The maintenance and transformation of school science

2017-12-04T00:39:45Z (GMT) by Roderick Alan Fawns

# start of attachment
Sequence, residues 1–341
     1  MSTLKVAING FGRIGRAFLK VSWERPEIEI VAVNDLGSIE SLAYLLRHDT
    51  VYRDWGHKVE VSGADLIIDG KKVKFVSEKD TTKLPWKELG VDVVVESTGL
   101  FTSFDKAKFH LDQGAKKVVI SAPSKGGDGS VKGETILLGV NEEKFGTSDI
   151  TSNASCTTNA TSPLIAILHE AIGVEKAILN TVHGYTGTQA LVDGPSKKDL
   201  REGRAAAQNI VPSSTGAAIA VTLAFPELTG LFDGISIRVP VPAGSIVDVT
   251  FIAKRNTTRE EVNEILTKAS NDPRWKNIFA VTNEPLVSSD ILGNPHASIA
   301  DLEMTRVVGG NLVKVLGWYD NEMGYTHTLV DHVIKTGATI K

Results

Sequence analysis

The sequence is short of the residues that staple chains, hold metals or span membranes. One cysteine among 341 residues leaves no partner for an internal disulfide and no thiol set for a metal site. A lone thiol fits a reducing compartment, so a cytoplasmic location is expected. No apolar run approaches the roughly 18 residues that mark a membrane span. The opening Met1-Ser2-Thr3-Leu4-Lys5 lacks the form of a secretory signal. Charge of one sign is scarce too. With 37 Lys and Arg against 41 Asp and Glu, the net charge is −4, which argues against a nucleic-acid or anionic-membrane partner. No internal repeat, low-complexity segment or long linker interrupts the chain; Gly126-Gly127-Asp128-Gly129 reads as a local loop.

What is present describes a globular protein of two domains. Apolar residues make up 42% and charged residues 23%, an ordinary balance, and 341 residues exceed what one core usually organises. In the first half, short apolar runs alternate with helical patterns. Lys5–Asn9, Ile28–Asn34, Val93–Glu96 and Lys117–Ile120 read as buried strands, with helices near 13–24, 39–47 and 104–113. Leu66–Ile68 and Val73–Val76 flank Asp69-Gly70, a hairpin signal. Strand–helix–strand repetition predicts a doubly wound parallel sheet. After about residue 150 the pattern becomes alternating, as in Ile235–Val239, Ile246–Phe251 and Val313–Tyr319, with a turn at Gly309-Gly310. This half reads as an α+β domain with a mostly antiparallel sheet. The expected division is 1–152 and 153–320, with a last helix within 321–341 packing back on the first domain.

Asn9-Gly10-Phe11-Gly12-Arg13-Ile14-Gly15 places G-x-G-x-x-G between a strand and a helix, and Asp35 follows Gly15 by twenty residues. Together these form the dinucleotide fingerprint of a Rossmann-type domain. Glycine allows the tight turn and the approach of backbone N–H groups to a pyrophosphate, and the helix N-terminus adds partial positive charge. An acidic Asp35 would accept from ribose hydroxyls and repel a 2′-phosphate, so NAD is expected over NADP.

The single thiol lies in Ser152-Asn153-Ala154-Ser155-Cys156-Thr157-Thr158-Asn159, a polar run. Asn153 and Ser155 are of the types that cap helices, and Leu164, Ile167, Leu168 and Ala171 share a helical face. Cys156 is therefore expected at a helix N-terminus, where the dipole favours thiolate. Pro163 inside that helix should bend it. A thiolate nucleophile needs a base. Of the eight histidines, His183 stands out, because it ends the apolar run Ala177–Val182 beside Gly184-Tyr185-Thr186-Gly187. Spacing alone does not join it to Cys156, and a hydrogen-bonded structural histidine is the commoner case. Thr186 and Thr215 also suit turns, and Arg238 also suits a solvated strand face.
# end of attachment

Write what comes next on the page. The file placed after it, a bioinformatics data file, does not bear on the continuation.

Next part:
Science, like other established school subjects, is a social institution. Its realisation in particular contexts is varied, but it is valued and it is understood in the sense of being linked with current and future roles and activities. Changes in school science are, from this view, either attempts from the inside to modify the social institution as popularly comprehended, or are attempts by outside parties, for whom the subject has significance, to have it moved closer to their conception of the discipline. It is the Writer's view that the debate on the social function of education which has been conducted with considerable vigour in Australia in the past twenty years would have been more fruitful if the problems of curriculum reform were seen in the perspective of their development. It is important that the architects of educational policy should be enabled to understand, more fully, the debates that underlie the problems they face, and the quality of the resources currently at hand. Educational theories can be seen as belonging tono age, independent of the motives of those who formulate them and answerable to logical analysis. In this thesis, such considerations were of relevance but they were not the primary concern in a study of the practical and cultural reasoning of Australian curriculum developers.But neither has the study treated the curricular schemes as historical solutions put forward at a particular time to ameliorate problems of a particular period. This study has not sought primarily to assess the logical cogency of the schemes and their rationale, nor primarily to obtain historical understanding of the educational purposes of a particular society. Rather, an attempt has been made to explore the arguments and commitments of university scientists and science teachers charged with the responsibility to maintain school science and also to accomplish the ideological and functional adaption of courses to changing economic and social conditions. The professional dilemma of the scientist committed to public education is a central issue, as is the dilemma of the university's role in the renewal of courses taught in Secondary schools. The schemes for reform, such as "General Science," "The Web of Life" and the "A.S.E.P. Unit" have been developed from English and, later, American models tomaintain and expand public interest in scientific knowledge. General Science, like later schemes, was more than a simple reaction against outmoded pedantry and dogmatism. We advance some way towards understanding General Science if we study this reaction; we advance still further by studying the arguments of its own theorists. An adequate explanation of the rise of Biology as a school subject in Victoria must embrace, not only the politics of the sciences and the wider politics of liberal education, but must alsoilluminate the restructuring of Australian culture under the impact of the growth of technical knowledge. In Australia, for the most part, too little serious attention seems to have been given to the writing of curriculum reformers. A wider reading of their work can tell us something of effective educational networks, as well as of the persistent hopes and vision they supported. At any rate, this thesis is written in the conviction that the study of the ideological and material resources available to curriculum reforms can tell us something about what it will take to maintain and transform Australia's cultural development.